UK Financial Watchdog Launches Crypto Asset Regulatory Consultation
The market watchdog has issued a preliminary guidance, explaining which virtual coins come under regulatory oversight.
The UK Financial Conduct Authority (FCA) launched on Wednesday a public consultation intended to provide clarity on the issue of cryptocurrency regulation. The agency is seeking the opinion of various crypto stakeholders, among them exchanges and wallet providers, regarding a 50-page preliminary guidance. In this document, the FCA explains which types of digital assets and related business are subject to regulatory oversight.
The FCA divides cryptocurrencies into three categories: exchange, security, and utility tokens. The definitions follow a report by the UK Crypto Assets Task Force - a body consisting of the FCA, the Bank of England (BoE), and Her Majesty’s Treasury (HMT).
According to the guidance, exchange tokens are decentralized assets used as means of exchange, and they do not fall within the FCA’s scope. Bitcoin (BTC), Ethereum (ETH), and Litecoin (LTC) are examples of coins from that category because no central authorities issue them, the regulator says. If a platform offers trading services for exchange tokens only, the company does not need authorization. However, the UK will complete this year the implementation of the European Union’s Fifth Anti-Money Laundering Directive (5AMLD), which enforce obligatory anti-money laundering (AML) rules for crypto-to-fiat exchanges, the FCA reminds.
Also, exchange tokens do not fall under the definition of e-money, but some transactions that involve them may constitute regulated activity, for example, money remittance and cash placement.
Security tokens come under the FCA’s remit because these assets have similar characteristics to traditional financial instruments like shares, units in collective investment schemes, and debentures, the regulator notes. Exchanges, trading platforms, payment services, custody and wallet providers, advisers, brokers, and other intermediaries need authorization if offer security tokens.
“We consider a security to refer broadly to an instrument (i.e., a record, whether written or not) which indicates an ownership position in an entity, a creditor relationship with an entity, or other rights to ownership or profit,” the regulator says in its guidance.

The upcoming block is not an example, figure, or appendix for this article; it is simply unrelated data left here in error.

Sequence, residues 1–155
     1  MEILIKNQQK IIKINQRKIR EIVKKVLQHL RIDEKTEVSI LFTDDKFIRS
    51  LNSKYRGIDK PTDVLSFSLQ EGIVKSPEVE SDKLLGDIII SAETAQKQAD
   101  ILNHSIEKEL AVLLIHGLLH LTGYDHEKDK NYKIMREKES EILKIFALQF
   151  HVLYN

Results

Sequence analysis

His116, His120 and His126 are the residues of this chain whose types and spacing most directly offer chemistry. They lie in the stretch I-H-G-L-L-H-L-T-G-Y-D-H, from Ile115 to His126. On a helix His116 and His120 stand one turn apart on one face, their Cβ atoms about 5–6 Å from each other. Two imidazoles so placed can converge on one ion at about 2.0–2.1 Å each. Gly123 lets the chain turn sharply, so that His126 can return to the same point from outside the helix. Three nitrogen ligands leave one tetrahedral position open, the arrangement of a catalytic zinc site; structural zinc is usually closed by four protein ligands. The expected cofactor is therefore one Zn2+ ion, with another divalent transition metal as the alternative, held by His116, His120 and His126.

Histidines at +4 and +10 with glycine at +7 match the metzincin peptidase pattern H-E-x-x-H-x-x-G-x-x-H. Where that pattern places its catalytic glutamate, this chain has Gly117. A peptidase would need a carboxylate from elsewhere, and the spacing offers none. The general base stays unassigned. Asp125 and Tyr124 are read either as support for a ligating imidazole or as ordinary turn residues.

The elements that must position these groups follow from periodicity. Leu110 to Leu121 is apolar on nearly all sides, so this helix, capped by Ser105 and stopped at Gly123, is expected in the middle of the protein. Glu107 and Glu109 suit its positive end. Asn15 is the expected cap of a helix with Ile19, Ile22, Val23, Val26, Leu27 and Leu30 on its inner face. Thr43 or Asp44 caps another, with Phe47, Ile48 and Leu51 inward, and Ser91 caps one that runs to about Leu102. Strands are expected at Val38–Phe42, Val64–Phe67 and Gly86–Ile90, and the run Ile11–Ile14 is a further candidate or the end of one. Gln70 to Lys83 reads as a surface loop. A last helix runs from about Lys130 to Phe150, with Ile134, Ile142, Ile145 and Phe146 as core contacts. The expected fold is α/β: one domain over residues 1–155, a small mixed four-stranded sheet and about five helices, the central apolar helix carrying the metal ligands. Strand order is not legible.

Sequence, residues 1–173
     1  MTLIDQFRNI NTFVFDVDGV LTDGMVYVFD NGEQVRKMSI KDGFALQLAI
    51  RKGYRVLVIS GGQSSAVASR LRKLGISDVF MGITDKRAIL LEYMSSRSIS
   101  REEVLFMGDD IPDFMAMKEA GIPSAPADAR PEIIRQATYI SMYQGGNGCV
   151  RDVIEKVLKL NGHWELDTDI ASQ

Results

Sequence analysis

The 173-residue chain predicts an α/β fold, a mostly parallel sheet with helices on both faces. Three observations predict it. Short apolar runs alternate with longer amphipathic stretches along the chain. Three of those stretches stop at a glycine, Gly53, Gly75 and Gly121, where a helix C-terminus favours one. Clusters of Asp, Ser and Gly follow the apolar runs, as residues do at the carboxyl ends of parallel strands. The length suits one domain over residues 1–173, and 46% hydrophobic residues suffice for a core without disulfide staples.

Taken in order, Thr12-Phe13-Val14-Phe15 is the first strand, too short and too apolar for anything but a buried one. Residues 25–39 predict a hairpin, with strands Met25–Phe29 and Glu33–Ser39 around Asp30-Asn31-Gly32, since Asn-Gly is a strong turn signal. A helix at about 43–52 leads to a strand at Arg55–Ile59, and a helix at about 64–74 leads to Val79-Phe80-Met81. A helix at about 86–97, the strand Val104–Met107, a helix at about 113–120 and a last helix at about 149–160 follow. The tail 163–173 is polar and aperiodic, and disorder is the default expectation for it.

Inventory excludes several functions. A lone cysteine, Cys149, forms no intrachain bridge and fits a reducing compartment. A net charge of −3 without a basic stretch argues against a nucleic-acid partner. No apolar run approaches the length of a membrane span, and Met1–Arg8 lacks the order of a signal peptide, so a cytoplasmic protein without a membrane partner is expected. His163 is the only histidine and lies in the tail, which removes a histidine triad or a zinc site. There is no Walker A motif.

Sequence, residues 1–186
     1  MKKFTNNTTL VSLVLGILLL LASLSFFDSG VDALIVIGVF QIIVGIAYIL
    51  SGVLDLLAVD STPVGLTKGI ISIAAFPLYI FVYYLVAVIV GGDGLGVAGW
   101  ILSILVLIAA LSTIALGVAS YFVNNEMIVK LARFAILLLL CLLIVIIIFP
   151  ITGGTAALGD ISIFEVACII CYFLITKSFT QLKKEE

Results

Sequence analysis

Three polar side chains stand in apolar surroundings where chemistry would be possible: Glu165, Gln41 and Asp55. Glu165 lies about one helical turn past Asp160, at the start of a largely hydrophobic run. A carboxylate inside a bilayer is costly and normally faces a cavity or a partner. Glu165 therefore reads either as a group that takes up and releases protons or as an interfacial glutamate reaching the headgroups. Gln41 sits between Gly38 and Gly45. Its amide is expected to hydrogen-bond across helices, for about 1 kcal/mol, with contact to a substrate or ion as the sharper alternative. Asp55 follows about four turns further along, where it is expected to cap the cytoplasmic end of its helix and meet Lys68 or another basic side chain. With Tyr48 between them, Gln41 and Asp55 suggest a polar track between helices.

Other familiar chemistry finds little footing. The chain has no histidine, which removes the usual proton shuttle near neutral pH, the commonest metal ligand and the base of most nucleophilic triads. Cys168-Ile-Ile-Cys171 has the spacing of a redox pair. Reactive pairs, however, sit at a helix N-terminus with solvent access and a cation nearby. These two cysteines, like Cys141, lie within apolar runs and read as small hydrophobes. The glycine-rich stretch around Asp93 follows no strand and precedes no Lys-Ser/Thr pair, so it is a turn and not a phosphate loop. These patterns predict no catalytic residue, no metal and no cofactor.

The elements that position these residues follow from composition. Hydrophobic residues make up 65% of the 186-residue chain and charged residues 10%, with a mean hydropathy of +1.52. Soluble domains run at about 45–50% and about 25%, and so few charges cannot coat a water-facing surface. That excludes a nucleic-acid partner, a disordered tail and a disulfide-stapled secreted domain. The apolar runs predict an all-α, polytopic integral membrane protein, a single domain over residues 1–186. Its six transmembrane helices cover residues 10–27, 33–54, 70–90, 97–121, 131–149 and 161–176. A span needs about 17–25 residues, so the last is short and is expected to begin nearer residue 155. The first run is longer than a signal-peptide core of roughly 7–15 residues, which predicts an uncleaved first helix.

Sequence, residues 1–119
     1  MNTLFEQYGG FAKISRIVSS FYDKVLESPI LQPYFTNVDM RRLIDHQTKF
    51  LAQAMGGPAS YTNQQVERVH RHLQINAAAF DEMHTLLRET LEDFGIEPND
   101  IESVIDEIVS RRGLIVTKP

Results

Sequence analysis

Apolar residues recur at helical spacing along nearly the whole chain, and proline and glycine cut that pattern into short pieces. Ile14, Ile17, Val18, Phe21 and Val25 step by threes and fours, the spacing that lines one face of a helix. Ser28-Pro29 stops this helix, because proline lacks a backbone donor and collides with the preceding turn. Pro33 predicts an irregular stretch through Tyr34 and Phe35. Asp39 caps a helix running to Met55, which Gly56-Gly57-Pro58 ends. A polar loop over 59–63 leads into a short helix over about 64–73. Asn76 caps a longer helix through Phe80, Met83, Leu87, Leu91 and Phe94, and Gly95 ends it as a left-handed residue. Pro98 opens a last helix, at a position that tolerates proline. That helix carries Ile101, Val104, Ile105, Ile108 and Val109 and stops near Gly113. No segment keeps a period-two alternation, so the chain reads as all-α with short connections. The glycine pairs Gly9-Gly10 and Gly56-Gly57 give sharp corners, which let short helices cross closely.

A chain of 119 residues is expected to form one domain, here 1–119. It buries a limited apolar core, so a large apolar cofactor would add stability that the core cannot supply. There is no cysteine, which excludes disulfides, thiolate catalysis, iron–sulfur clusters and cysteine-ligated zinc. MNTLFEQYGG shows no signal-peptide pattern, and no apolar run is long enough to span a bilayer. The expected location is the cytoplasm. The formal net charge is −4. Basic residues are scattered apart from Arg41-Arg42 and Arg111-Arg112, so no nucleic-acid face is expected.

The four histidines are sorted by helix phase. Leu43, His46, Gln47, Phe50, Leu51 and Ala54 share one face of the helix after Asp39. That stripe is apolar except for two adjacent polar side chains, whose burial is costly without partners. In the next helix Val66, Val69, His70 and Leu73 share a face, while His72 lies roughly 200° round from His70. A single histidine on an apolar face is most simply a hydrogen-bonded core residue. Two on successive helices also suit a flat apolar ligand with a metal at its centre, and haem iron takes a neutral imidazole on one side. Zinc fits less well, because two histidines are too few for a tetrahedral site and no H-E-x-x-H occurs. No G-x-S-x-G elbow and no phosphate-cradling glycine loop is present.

The last category consists of tokens that give users access to blockchain-based products but do not lead to ownership rights. Utility tokens are the same as prepayment vouchers, which are assets outside of the FCA’s remit. However, if utility tokens meet the e-money definition, they come under oversight.
E-money is an electronically stored monetary value with a central issuer accepted by a person other than the issuer, and “issued on receipt of funds for the purpose of making payment transactions,” the FCA explains in the guidance. Stablecoins pegged to fiat currencies like the British pound, the US dollar, or the euro are e-money.
“Miners and transactions processers engaging with decentralized tokens are unlikely to be carrying out regulated activities,” the FCA says.
The consultation is open until April 5, 2019, and stakeholders can say why they agree or disagree with the definitions in the preliminary guidance. The FCA also plans to conduct a consumer survey in the second quarter, and based on the results of both initiatives, the regulator will publish its final guidance with binding decisions in the second half of the year.
The consultation comes in at a significant time for the UK crypto industry as HMT prepares to publish its own consultation on whether and how to have the agency’s legal powers expanded so that more crypto asset come under FCA supervision.
In December, the Financial Action Task Force (FATF) called on the UK to expand its crypto market oversight.